It is expected that there will be some turnover of cows on a dairy farm as cows are removed because of low milk production or to sell. However as much as 70-80% of all cullings are involuntary, and the main 3 reasons are lameness, mastitis and reproduction problems. These high rates of involuntary culling on a farm are a sign of poor animal welfare and are very costly to the dairy farmer.
In order to address this problem, there is plenty of research and knowledge available to support dairy farmers. The solutions do not have to be radical changes nor involve large investments. Even simple things that improve cow comfort can have a dramatic positive effect.
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Glossary of terms:
- Cow longevity refers to how long a cow stays in the herd.
- Culling is the departure of animals from the herd because of sale, slaughter, salvage, or death (Fetrow et al., 2006).
- Productive life is the time from first calving to culling.
- Culling is sometimes considered either voluntary or involuntary. Voluntary culling occurs when the primary reason for disposal is poor milk production but the cow is otherwise healthy and fertile. Involuntary culling occurs when the dairy farmer is “forced” to remove a productive, otherwise profitable cow, due to illness, injury, infertility of death (Weigel et al. 2003).
After 130 years of serving dairy farmers worldwide DeLaval’s vision for the future is that we should make sustainable food production possible. We do this by working towards the reduction of the environmental footprint of farms, while increasing food production, farm profitability and improving the well-being of the people and animals involved. As most our customers are dairy farmers we build on our Sustainable Dairy Farming Initiative that we launched in 2008. Improved animal welfare was identified from the start as being one of the four pillars that are necessary for making a dairy farm sustainable. Read more
A large number of dairy cows leave the herd in early lactation largely due to metabolic health reasons, and the risk of death is highest early in lactation. The most common “reason” for a cow to leave the herd in the US is death, comprising 21 % of the turnover of cows. Involuntary culling of cows early in lactation is expensive, in the order of $500 to $1000 (380 to 760 EURO) per cow (US data). This does not include losses in milk yield due to disease or extra labor and delayed replacement. Efforts to reduce death rates and improve early lactation health are therefore often profitable. Read more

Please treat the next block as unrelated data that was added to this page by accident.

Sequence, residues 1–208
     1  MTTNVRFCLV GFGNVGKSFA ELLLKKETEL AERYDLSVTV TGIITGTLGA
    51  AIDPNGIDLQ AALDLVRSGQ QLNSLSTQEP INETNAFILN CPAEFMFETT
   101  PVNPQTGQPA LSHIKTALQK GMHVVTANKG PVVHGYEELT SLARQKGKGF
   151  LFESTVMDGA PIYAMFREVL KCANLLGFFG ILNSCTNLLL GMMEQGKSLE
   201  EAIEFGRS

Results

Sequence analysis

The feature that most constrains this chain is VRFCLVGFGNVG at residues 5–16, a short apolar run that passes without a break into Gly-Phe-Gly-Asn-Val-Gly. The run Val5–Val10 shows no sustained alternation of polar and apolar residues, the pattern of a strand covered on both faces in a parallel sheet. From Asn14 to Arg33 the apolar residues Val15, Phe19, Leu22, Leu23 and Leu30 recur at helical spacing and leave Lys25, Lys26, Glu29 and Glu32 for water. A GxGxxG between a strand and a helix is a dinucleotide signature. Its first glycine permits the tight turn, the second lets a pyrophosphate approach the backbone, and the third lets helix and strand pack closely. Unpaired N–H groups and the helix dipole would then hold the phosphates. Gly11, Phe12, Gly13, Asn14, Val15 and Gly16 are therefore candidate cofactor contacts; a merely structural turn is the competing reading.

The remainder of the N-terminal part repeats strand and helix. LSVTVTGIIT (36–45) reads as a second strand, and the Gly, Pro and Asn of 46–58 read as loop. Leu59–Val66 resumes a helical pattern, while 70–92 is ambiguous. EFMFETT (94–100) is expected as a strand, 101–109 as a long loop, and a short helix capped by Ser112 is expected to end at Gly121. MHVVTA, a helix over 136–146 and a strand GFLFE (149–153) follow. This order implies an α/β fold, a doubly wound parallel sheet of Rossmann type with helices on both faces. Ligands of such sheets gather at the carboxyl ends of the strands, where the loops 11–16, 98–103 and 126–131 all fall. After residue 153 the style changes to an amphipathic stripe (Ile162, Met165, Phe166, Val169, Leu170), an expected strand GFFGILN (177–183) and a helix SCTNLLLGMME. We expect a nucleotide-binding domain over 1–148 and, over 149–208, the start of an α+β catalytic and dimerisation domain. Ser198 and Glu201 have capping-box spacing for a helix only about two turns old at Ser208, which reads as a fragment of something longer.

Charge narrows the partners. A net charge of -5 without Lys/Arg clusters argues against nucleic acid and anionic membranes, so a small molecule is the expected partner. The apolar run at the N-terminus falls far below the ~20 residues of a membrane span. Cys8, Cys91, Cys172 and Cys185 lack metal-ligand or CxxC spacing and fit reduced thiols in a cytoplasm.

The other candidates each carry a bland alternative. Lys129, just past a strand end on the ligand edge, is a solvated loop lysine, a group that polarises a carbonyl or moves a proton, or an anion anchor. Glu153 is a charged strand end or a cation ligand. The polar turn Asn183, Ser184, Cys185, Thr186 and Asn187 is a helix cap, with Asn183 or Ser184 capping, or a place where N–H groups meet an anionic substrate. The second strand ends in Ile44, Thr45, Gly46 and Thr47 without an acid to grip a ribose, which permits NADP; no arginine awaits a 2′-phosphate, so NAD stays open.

A turnover of cows on a dairy farm is to be expected, as farmers remove cows because of low milk production or sell them. However, much of the low longevity of dairy cows results from involuntary culling because of poor health or fertility problems. High rates of involuntary culling on a farm are a sign of poor animal welfare and are very costly to dairy producers. The main causes of involuntary culling are the same in different parts of the world, although proportions might differ: reproduction, udder health and lameness. A reduction of these causes of low longevity leads to improved animal welfare and farm profitability. Read more
Management during the transition period, i.e. three weeks before and after calving, is highly associated to the cow's milk yield at peak and consequently for the full lactation. Also, 70-80% of disease incidence occurs during the transition period. The key management factors related to fresh cow health and milk yield are: to provide sufficient bunk space so that cows can eat simultaneously when fresh feed is delivered, increase cow comfort by providing ample space to lie down and facilitate rising and minimizing lameness with soft deep bedded stalls or packs in this period. Read more
Productivity and health starts when the cow is born, not at her first calving. The effect of nurture is many times greater than nature and the pre-weaning period is a phase of development where the productivity of the calf can be modified to enhance the animal’s genetic potential. Pre-weaning growth rate explains 22 % of the variation in milk yield in first lactation compared to only 7% variation from genetic selection. Anything that detracts from feed intake and pre-weaning growth rate reduces the opportunity for enhanced milk yield as an adult. Read more
Although cows are social animals, they compete for access to resources, such as food and lying areas. This competition can lead to stress responses, and dairy cows, especially high-producing cows, may find themselves in a trade-off situation between lying and eating if they are under time constraints. If the total lying time is below 10 hours per day the cow might be in lack of time. She will eat less when pressed for time, and consequently produce less milk. To provide the high-yielding dairy cow with proper working conditions she should have free access to feed and resting areas, and it is important to limit waiting time before milking. Read more
If cows can lie down comfortably, they will be more likely to stay in the herd. Stalls are usually designed for the cows to defecate outside the lying area, which is beneficial for the people maintaining the barn, but not conducive to the cows’ natural lying behavior. Most of the free-stalls are too short for the cow to lie down comfortably. The width of the stalls is also problematic because cows can cannot lie on their sides or stretch their legs. Bedding should be soft, clean, dry and, if possible, inorganic. It is the sum of all the different parts that creates an environment for good animal welfare, which can improve productivity. Read more
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